A developer named Mischa Sameli asked a question about supporting internationalization (i18n) in ValidateThis!, my validation framework for ColdFusion objects, on the ValidateThis Google Group a few weeks ago. His questions got me thinking about how I might do that, and those thoughts turned into design ideas, which turned into code. So I'm happy to announce that the latest version of VT, just released to RIAForge, has full support for i18n. I have created a new i18n demo which shows off this new feature in all of its glory. If you visit that demo page you'll see that you can switch languages between English and French.
So, what does i18n support in VT mean? In a nutshell, it means that all validation failure messages, both on the client side and on the server side, can now appear in multiple languages within a single application. A developer still only has to specify the metadata for each validation rule once (which is the primary objective of the framework), with the translations being performed by a translation layer.
What the heck's a translation layer, you may ask? Well, I knew that I wanted to provide a means of using resource bundles, which are a standard in Java, and, I believe, in web applications in general. However, I also recognized that not everyone might choose to use resource bundles to store their translation metadata, so I didn't want to lock the framework into that single implementation. So I created a Translator object, which is used to perform all translations, and which can be easily overridden by a developer.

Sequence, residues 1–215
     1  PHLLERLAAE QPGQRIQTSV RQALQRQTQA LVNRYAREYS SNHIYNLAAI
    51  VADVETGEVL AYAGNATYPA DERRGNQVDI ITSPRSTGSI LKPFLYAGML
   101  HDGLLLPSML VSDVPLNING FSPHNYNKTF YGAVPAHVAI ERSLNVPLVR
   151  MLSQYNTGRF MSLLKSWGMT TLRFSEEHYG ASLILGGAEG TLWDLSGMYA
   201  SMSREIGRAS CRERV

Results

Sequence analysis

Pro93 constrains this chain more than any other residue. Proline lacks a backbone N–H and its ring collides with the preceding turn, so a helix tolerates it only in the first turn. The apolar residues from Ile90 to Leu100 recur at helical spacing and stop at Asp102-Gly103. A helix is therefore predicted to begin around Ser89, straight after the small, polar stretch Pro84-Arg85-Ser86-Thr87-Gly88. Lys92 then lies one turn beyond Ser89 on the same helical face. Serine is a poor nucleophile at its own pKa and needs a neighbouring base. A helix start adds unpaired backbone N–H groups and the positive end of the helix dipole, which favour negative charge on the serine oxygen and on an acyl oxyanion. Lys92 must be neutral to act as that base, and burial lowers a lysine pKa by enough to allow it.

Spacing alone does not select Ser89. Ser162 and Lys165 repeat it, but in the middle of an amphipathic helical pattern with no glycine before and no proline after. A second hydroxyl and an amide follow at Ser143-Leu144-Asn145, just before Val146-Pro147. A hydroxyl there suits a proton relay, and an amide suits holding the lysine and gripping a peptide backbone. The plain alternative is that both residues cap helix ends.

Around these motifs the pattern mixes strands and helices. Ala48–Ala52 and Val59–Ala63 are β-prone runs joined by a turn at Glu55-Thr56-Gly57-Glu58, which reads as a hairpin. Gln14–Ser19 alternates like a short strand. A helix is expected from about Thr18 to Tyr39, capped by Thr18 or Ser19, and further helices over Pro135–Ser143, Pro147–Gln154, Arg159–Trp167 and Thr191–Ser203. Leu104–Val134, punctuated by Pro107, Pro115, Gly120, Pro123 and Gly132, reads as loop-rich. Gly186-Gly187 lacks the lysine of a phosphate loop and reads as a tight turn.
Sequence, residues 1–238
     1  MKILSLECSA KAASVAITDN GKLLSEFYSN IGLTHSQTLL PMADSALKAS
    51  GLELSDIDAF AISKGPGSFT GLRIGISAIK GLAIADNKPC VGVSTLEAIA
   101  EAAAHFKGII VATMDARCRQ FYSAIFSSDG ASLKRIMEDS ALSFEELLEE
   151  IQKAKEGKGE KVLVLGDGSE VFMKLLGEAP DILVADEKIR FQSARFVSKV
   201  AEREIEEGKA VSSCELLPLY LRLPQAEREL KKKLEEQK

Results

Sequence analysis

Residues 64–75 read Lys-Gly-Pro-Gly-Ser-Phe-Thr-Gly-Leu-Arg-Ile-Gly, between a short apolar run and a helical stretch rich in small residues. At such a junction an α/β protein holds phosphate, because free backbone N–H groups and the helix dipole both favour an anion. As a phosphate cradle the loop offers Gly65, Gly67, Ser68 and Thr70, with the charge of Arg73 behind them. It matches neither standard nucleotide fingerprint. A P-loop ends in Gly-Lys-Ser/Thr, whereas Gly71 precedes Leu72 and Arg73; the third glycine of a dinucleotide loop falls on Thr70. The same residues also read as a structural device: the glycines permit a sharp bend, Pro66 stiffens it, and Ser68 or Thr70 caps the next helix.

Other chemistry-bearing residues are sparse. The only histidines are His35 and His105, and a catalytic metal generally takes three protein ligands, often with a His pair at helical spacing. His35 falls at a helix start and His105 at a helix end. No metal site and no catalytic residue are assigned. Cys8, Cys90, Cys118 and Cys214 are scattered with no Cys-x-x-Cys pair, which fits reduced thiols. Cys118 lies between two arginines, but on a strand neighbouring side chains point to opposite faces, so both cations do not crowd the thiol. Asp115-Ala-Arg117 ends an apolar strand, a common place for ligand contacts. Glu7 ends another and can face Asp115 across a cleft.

I actually created two Translator objects. The BaseTranslator actually does nothing. It accepts a term for translation and returns the identical term. That translator will be used by the framework when i18n is not required. The second Translator object, which extends the BaseTranslator is called the RBTranslator. It uses resource bundles to provide translations for terms. Because it is simple to override either of these Translator objects with your own object, if you want to provide translations in another format (e.g., from a database table), all you have to do it write a new Translator and tell the framework to use your Translator instead.
The only documentation of how to implement this feature is the demo application mentioned above. It is available as part of the download from RIAForge. I do hope to provide some more documentation on how to use all aspects of the framework, probably in the form of a wiki, but as long as I'm the only one using it (as far as I know), that remains a low priority.